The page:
Navigation click "comment" to read or make an observation about this  article - click "email" to send this page to a friend
By Lee Martin - College Station, Texas USA

The engine cranking woke me. Was that the engine? Sure, it had disturbed me a dozen times on this trip. It was one of the many problems that plagued us from Galveston to Belize. The negative ground had rusted away and the batteries needed charging constantly. Really stupid. Many things about the trip were really stupid.

The boat was a 42' trimaran- owner built in a 20 year period. Problem was the owner is a brilliant builder who never learned navigation, anchoring and the basics of boat handling. A bad combination when you consider he imagined he knew this information and would take no advice. Advise go east- you'll be going west- guaranteed.

this is a Cross 44 - not the same boat in the story, but presented here as an example of the type and size of the boat in the story - thanks to - Editor

After a horrible 8 day crossing to Isla Mujeres [at one time we found ourselves 50 miles from Port Isabel], we relaxed and partied in town for a few days- what a great place to snorkel and bar hop. Five days later with trepidation on my part, we were off on the last leg- San Pedro, Belize. My nervousness was caused by scheduling. We were ,of coarse, late. The captain had promised to pick up friends, who were waiting for us. in order to make up time, we were breaking one of my personal rules. Never sail in unknown coral waters at night. There are plenty of anchorages-- use one!!!

While in Isla Mujeres we picked up a vital piece of information. There is a two knot current, shore bound, all along the Mexican coast. The captain heard and understood this message, from a sailor who had just completed this passage, and ignored it while plotting his course. The result was the engine waking me again at 5:15 A.M. that morning. No, someone was calling "get up--- get up". The noise was the keel, on the reef, just inside the border of Belize, Central America.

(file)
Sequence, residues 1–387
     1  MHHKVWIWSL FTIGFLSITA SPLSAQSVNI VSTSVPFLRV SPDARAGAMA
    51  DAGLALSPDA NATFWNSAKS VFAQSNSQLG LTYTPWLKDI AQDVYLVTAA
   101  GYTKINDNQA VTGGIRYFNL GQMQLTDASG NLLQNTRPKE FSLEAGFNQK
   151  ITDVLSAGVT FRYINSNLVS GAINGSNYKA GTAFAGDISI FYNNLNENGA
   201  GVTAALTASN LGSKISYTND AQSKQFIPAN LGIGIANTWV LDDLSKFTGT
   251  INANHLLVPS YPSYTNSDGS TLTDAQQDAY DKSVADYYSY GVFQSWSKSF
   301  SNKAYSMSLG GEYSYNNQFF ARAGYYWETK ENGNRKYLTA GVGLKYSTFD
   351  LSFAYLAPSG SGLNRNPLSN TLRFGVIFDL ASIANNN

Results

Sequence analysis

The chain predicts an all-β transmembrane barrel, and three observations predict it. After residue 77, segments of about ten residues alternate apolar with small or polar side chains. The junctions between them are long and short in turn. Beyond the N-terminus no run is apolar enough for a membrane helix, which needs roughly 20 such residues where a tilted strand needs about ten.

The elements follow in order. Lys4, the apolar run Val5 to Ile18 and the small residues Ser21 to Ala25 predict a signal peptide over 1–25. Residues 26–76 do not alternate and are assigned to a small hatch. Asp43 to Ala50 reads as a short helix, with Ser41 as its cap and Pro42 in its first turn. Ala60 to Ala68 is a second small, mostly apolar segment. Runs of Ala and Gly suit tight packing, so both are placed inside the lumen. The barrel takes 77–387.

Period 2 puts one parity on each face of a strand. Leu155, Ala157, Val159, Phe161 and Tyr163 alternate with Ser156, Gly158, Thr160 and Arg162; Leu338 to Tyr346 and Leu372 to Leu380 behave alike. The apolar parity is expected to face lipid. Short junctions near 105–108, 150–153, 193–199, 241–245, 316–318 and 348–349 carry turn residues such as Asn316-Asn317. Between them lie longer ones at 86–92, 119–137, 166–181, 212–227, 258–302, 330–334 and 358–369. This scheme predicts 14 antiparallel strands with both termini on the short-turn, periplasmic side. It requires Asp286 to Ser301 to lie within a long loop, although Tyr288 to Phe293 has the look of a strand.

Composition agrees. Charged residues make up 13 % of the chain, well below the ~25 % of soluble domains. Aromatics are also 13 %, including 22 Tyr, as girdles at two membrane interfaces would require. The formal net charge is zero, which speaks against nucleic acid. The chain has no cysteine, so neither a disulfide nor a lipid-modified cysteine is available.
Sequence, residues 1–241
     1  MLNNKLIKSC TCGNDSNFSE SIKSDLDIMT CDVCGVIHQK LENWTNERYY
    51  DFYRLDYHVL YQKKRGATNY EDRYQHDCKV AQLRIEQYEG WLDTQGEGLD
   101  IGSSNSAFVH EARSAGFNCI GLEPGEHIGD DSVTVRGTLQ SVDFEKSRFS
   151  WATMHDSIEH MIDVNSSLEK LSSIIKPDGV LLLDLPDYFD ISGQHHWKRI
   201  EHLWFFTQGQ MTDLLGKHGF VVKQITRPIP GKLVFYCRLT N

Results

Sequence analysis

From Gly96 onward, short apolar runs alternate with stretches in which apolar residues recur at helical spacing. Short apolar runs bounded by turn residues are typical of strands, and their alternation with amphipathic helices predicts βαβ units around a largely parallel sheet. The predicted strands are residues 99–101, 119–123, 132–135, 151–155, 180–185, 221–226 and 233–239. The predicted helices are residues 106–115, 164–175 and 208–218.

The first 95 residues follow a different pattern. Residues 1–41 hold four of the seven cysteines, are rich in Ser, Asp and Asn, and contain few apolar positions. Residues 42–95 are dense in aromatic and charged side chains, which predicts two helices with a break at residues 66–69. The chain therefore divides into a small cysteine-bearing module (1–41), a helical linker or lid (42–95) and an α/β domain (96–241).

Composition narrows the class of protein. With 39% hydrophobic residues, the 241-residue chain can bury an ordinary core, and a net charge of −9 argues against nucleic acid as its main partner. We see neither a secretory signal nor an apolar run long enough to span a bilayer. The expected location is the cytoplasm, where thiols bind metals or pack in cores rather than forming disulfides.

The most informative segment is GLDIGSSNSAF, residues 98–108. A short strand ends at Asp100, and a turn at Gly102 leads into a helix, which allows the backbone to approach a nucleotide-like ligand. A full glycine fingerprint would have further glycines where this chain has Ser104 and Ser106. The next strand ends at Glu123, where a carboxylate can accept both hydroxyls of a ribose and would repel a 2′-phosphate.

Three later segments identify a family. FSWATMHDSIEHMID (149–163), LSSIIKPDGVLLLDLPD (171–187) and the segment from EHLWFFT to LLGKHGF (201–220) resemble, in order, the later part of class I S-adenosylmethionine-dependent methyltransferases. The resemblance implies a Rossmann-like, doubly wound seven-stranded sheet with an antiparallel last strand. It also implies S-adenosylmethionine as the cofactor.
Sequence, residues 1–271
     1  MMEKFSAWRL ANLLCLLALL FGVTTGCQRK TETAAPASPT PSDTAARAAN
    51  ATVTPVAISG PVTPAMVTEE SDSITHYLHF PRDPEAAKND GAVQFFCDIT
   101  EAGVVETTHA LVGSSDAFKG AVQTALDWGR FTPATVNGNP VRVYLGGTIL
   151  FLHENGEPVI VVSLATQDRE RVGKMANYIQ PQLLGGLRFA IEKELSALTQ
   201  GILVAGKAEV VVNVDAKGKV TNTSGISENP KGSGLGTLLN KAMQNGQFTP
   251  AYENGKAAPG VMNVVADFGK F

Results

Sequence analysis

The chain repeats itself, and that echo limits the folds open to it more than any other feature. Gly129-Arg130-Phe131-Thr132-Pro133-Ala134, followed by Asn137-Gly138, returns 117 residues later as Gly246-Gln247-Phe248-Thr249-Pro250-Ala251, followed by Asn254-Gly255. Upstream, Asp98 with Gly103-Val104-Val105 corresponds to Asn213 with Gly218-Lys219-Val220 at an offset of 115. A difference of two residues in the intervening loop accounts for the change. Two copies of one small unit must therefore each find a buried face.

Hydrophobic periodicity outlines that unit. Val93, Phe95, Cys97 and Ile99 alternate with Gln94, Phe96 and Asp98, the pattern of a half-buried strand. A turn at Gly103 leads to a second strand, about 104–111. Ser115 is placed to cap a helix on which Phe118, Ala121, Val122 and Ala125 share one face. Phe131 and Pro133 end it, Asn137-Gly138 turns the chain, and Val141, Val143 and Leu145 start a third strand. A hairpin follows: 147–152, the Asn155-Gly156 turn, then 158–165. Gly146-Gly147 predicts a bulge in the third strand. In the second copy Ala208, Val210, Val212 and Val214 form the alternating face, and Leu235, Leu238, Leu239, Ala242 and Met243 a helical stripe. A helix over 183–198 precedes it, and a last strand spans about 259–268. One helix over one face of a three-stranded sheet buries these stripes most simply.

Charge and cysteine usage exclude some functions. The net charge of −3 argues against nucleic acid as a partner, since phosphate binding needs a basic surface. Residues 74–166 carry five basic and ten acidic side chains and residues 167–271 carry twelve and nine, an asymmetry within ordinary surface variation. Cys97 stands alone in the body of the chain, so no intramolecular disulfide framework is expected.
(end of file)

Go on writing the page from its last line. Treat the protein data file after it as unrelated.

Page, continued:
As the sun started making light we could see our predicament. No one in sight, the wind building, stuck on the reef on the mosquito coast. Sounds like a recurring nightmare and it should have been. By pure luck a boat passed and came to our aid, the man was a warden for the National Park System of Belize. Yes, we were on the reef, owned by the country and the captain was responsible for any damage to the reef. The story gets worse but it's to painful to write. By 10 P.M. we were in bed in a motel in San Pedro, we left the boat on the reef! I couldn't believe it was going to end this way. The police came and talked to my buddy and me the next morning- they were holding the captain, but we could go. Great news- we had air tickets for that afternoon- home.

The true end came a year later when the captain sailed his tri back to the slip he had left so many mistakes ago. The builder in him had taken over, he got the boat off the reef and rebuilt it in Central America. That is an almost unbelievable task. I didn't think it was possible.

The lessons to be learned are obvious and many. It's great to be able to profit from the mistakes of others. Local knowledge as it were.


On Feb 19, 2007, we recieved the following:

Dear Chuck,

I was very pleased to see the photo used for the article and the plug for my website. Thanks so much for that. If you ever need a photo of a particular CROSS trimaran and some catamarans, I would consider it a privilege to provide one. I am a attaching a CROSS 42 photo incase you would like to substitute it for the CROSS 44 your now have. Again thanks for the plug.

Best regards,

Jeff Turner
CROSS Multihull Designs


Other articles by Lee Martin: